One man is confirmed dead in a flash flood that swept through the Virgin River Narrows of Zion National Park on Monday, and searchers are looking for a companion, also believed killed.
Elsewhere in southern Utah, Spring City, Sanpete County, is digging out from flash floods that caused an estimated $2 million to $2.5 million in damage, including crop losses and six destroyed bridges.On Tuesday, rangers at Zion National Park recovered the body of a man who probably drowned in the Narrows during a flash flood triggered by heavy rains. Although he has been identified, by press deadline Wednesday his identity was still being withheld pending notification of next of kin.
The body, that of a man in his 30s or 40s, was turned over to Washington County deputies. Park spokesman Denny Davies said the victim was not a resident of the Wasatch Front but he would not confirm whether he was from elsewhere in Utah.
Although no identification was found on the body, rangers believe they know who he was. They found his parked car, and inside were two sets of drivers' licenses - leading them to believe he had a companion who al-so perished.
"We're now organizing a search along the banks of the north fork of the Virgin River," Davies said Wednesday.
A group of hikers two miles upstream from the Temple of Sinawava parking area in the north end of the park noticed the body in the river about 5 p.m. on Monday. They pulled it out of the river but remained stranded by high waters until Tuesday morning, when they hiked out and told rangers.
A heavy rainstorm increased the river's flow by about 600 percent. Normally the river flows at 150 cubic feet per second, but after the storm Monday it was roaring through the canyon at more than 740 cps. At that rate, a hiker is lucky to stay alive, Davies said.
He and William J. Alder, spokesman for the National Weather Service, agree that flash flood warnings were in place.
Authorities discouraged hikers from venturing into narrow canyons before the storm, but not all listened. Also, signs were posted at trail heads warning hikers of the flood danger.
"Unfortunately, many people ignore the warnings and enter the narrows," Davies said. Hikers should avoid narrows in July and August, the months that flash flood danger is at its highest. Canyon hiking is the safest in spring and fall, Davies added
Davies confirmed that the victim had a permit to hike the Virgin River Narrows, "but we think he didn't do the hike that he was permitted to do." He is not sure what time the permit covered, although it was sometime Monday.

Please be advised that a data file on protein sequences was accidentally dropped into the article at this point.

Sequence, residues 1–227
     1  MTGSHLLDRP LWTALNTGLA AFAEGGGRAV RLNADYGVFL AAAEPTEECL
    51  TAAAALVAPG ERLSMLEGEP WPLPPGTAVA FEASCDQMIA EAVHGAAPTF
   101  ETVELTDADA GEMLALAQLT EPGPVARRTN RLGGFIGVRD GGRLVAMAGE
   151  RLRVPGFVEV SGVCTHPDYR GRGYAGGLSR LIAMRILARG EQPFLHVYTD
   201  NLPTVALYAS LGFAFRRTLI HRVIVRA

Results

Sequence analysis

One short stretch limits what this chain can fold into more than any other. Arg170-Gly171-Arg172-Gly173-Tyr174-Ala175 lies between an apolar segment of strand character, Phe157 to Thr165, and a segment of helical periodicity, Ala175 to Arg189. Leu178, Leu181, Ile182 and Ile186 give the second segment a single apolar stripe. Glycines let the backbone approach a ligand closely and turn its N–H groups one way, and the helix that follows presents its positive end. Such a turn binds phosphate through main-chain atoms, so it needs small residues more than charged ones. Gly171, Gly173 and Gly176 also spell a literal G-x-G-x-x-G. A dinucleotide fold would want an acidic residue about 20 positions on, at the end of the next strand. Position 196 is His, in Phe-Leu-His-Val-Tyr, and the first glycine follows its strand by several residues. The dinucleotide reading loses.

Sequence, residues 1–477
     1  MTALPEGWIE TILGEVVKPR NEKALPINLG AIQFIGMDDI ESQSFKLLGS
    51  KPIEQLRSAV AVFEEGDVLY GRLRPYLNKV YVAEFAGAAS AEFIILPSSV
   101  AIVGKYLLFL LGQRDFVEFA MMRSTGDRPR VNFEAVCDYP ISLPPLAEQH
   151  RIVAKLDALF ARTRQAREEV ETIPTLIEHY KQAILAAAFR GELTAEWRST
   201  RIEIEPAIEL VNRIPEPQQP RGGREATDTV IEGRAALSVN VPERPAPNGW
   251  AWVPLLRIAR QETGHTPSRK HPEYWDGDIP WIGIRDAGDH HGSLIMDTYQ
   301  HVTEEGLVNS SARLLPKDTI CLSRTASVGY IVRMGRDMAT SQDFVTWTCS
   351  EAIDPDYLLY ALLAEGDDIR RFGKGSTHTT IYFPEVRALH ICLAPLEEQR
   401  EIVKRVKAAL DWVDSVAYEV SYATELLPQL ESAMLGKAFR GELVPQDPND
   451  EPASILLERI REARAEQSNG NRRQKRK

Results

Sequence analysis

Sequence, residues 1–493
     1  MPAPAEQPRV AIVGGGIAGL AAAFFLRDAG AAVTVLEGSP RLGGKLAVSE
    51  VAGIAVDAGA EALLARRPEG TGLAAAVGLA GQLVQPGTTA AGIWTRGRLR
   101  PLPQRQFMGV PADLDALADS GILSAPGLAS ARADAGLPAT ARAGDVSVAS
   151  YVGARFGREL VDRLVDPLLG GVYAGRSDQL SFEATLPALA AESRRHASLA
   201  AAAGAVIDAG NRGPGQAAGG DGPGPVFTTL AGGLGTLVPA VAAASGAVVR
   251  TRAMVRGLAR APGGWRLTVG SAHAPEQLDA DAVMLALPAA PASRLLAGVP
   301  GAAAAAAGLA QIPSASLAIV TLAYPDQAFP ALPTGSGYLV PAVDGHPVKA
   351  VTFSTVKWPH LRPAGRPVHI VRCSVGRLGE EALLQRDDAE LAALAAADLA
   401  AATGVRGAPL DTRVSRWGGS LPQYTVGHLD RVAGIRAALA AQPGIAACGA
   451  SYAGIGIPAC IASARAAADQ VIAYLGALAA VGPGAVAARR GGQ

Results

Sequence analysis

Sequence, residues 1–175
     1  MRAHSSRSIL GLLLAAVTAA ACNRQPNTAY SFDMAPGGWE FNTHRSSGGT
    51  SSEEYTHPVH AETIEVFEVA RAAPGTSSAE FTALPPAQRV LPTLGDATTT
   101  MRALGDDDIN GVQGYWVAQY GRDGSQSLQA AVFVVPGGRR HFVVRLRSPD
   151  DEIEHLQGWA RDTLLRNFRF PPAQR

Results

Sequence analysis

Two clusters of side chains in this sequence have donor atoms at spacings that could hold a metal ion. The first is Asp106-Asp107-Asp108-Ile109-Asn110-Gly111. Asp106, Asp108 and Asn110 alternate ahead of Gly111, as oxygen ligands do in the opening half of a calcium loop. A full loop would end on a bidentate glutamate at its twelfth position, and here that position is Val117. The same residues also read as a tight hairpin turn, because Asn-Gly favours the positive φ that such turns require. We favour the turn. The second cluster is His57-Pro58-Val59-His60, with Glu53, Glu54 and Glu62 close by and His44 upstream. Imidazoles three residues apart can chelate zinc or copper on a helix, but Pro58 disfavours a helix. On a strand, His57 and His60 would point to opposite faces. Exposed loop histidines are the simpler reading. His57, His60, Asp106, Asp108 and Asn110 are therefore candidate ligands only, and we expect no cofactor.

Asked whether the victim should have known a flash flood warning was in effect, Davies said, "Yes."
National Weather Service officials had predicted a 40 percent chance of thundershowers and had posted flash flood warni-ngs for southern Utah and Washington County, he said.
"We had given the park a heads-up on the potential flooding at 2 o'clock; gave them another call at 2:45, just prior to the flash flood warning" on Monday afternoon, said Alder, meteorologist in charge of the National Weather Service regional office in Salt Lake City.
A formal warning was issued at 2:55, to remain in effect until 5:45 p.m. Then it was extended until 7 p.m.
At Lava Park within Zion, just west of the narrows, an automatic weather station recorded 0.37 of an inch of rain. The headquarters reported 0.47 of an inch. Rainfall easily could have been heavier in another area upstream of the narrows, he said.
"It doesn't take much to fill up a narrow canyon like that," Alder added.
The last fatalities in the Virgin River Narrows happened in 1961, when a flood drowned five members of a youth group from the Wasatch Front and Park City.
Three different floods hit Spring City, Sanpete County, when Canal Canyon Creek overflowed. They were on Wednesday and Friday last week and this Monday. Also, the towns of Freedom and Jerusalem, Sanpete County, were flooded last Friday, said Alder.
Donald Hagberg, chief of police at Spring City, said a rough estimate of the damage is $2 million to $2.5 million. "Apparently, we just got an overabundance of rain," he said.